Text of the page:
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Big Plans for New Lost-Foam Foundry

Dec. 18, 2009
High-tolerance castings, fast turnaround are keys to Aesir Metals business model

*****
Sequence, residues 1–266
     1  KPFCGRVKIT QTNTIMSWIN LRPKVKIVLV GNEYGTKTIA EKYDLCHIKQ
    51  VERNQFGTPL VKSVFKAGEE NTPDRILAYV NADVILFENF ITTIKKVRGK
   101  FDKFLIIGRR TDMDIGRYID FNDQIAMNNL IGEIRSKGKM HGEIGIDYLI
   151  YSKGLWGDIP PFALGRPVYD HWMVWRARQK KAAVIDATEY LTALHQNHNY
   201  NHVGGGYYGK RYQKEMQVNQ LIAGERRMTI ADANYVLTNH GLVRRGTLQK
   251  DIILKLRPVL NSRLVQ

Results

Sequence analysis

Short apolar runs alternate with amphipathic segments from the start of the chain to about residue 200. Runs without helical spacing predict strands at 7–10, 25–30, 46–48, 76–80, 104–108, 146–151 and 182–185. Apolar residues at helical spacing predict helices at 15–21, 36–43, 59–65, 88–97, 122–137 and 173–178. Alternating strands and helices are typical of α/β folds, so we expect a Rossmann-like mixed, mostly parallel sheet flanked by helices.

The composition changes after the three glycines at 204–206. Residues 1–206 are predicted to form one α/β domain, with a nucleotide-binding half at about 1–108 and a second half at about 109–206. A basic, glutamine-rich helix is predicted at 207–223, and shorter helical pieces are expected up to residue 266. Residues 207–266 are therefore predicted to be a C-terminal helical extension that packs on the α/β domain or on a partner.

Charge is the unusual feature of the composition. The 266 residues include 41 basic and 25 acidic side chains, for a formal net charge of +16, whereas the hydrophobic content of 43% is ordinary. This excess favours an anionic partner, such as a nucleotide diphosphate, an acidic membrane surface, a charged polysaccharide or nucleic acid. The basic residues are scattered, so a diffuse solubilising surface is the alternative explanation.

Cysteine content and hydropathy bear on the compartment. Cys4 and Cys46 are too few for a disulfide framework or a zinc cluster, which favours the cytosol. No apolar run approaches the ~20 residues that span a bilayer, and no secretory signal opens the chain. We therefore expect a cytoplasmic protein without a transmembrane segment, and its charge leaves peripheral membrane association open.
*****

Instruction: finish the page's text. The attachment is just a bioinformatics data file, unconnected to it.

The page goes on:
The mythological character usually associated with metalcasting is Vulcan, the blacksmithing god of the Roman pantheon. But, a start-up operation is looking in a different direction by naming itself Aesir Metals LLC. No need to look it all up: Aesir is a family of Norse gods, including powerful deities like such as Odin, Frigg, Thor, Baldr and Tyr. These metalcasters are changing our frame of reference for their work and their abilities. They aim to use lost-foam casting to become a design-oriented, flexible provider of components for manufacturers in emerging markets. Aesir Metals will start commercial production of lost foam castings in ferrous alloys as early as January. The partners, metalcasting veterans Mark DeBruin and Jeff Rocco, have entered into a lease for plant space in Struthers, OH, near Youngstown, and recently closed on their start-up funding. For the past several weeks, they have been acquiring operating equipment and going through the start-up processes. Production equipment includes two coreless induction furnaces, a tundish ladle, a custom-designed compaction table, and a 36X48 in. flask. DeBruin indicated larger molds might be accommodated, too. DeBruin explained the project has been in development for six years. He has about two decades of foundry experience with some well-known foundries, but sees particular advantages now for operations specializing in lost-foam casting. The lost foam process makes it possible to cast designs with much greater precision, so it’s particularly suitable for start-up manufacturers that need prototype or single-pour versions of their designs. Lost foam castings also offer excellent dimensional tolerances, so they’re ideal for many component designs in growing sectors of manufacturing. DeBruin says that locally there is a good field of candidates, and he anticipates that Aesir will be casting many components directly from foam models. Lost foam castings have no parting lines, DeBruin reminded us, which together with the as-cast quality of the designs reduces or eliminates the need for machining. Aesir Metals intends to produce castings in gray and thin-walled ductile iron casting (carbide-free down to 3 mm), and DeBruin predicted the company would be producing steel castings by the lost foam process, too. For all materials, its focus will be on rapid turnaround and high-tolerance (0.003 in.) castings.